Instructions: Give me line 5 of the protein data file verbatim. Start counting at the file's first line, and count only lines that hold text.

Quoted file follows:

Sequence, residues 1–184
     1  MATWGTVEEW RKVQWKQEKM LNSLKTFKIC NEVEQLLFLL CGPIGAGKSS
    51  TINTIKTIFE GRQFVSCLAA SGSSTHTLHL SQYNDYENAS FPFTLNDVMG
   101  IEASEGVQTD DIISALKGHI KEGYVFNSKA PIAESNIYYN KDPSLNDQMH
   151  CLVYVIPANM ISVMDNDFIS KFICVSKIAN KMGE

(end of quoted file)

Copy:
   151  CLVYVIPANM ISVMDNDFIS KFICVSKIAN KMGE